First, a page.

After doing some training rides on courses without bigger ups and downs where I didn't make significant elevation gains, a recent ride was in more rough terrain. Of course, the relief changes the average speed one can achieve and I was wondering, if there are some rules of thumb to estimate the influence of the relief.
From hiking I know there is Naismith's rule which allows to calculate the time needed for a certain route based on distance and elevation. I am aware of the fact that with cycling the rule would be less general and require more calibration depending on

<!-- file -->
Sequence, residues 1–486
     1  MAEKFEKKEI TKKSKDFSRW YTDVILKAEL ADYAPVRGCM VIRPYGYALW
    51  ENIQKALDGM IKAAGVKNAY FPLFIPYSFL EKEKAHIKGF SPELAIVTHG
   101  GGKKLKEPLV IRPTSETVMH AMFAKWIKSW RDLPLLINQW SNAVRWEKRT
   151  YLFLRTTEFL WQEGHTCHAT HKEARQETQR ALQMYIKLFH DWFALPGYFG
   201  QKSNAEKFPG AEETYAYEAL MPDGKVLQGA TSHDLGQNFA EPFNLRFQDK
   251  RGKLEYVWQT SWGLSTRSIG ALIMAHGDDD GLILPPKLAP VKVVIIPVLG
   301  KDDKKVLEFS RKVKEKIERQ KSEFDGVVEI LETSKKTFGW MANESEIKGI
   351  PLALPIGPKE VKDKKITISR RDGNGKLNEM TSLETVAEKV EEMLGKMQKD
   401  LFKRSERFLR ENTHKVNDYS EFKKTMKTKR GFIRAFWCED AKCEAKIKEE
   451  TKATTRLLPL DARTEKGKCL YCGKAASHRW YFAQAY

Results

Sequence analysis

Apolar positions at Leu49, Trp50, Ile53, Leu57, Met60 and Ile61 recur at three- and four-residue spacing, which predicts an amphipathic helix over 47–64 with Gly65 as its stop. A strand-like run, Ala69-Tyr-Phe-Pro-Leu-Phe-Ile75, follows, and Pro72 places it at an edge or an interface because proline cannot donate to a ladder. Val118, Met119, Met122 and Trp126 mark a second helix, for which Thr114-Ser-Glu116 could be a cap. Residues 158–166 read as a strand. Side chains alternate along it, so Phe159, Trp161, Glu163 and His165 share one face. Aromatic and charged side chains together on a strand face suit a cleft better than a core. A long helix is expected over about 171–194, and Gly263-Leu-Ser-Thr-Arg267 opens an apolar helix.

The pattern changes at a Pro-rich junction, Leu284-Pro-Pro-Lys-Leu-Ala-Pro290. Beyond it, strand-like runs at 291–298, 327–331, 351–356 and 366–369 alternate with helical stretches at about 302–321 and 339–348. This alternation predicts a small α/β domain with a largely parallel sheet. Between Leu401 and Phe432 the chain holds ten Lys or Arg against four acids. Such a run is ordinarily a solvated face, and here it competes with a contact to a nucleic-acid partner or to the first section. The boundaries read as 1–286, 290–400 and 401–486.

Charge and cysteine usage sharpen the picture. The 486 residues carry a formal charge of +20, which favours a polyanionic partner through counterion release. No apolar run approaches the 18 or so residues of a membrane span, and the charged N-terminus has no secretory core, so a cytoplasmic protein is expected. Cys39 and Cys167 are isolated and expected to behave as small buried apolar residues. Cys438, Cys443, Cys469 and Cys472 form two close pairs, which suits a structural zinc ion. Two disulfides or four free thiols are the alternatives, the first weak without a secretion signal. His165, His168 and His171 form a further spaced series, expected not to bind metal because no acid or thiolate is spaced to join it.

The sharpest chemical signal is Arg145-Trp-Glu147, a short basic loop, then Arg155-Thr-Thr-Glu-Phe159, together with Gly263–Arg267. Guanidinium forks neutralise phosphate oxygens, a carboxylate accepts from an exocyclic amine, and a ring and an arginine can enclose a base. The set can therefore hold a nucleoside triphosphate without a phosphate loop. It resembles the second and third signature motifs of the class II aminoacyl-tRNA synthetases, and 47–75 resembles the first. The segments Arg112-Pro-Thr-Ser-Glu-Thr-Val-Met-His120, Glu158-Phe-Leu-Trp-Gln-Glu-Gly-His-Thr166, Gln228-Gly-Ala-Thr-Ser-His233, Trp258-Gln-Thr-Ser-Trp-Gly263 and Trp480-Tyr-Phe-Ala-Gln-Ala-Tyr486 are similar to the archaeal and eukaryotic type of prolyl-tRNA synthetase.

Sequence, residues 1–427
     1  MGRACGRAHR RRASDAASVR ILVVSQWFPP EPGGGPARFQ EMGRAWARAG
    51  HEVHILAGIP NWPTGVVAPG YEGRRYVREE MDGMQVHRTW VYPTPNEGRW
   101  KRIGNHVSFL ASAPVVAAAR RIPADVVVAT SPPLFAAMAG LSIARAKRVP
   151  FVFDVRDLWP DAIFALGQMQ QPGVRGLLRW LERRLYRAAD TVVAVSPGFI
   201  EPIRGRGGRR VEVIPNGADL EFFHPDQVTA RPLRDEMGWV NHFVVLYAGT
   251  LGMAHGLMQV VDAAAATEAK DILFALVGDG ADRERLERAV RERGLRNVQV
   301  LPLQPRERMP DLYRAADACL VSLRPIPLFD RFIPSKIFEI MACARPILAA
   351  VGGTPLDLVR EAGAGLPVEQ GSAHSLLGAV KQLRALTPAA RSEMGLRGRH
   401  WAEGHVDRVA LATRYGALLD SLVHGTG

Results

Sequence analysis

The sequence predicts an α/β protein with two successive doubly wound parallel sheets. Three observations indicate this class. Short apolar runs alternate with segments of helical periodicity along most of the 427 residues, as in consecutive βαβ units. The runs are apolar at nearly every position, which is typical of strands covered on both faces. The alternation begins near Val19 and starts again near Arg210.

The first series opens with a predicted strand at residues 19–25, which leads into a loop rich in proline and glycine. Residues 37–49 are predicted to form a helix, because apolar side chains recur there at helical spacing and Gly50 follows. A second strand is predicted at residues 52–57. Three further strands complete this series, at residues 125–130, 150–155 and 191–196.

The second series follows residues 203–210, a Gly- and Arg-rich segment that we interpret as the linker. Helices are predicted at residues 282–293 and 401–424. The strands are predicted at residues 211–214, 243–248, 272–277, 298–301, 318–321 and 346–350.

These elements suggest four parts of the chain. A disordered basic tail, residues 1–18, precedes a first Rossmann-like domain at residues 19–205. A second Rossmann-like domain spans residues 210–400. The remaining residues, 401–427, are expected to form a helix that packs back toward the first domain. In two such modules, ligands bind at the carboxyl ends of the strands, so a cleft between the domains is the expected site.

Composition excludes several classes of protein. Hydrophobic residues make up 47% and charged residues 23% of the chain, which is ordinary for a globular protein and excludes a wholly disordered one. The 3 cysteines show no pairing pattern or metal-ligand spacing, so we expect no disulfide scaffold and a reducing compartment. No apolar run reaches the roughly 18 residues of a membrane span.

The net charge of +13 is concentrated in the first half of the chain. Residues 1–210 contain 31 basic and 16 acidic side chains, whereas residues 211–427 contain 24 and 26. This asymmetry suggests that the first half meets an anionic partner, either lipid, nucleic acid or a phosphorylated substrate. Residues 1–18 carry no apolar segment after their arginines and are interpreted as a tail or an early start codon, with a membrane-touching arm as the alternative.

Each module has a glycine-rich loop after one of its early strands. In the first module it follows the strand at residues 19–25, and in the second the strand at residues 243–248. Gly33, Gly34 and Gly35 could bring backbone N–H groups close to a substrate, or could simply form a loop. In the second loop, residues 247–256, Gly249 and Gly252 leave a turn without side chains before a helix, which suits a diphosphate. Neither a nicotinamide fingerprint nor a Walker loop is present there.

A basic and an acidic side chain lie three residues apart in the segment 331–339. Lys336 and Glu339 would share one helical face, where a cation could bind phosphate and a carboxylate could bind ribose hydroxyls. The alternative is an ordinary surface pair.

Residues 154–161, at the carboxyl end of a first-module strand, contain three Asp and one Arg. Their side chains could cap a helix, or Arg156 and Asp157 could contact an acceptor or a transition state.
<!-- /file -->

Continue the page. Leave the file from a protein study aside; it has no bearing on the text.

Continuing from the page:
- mountain vs. road bike
- different surfaces
- greater difference between uphill and downhill speeds.
On outdoors.SX.com also someone presented a slightly different approach that translates different parameters (elevation gain, trail conditions etc.) into distance travelled, which could be another useful approach here.
So my question is, is there some rule of thumb or a set of rules of thumb for cycling as well?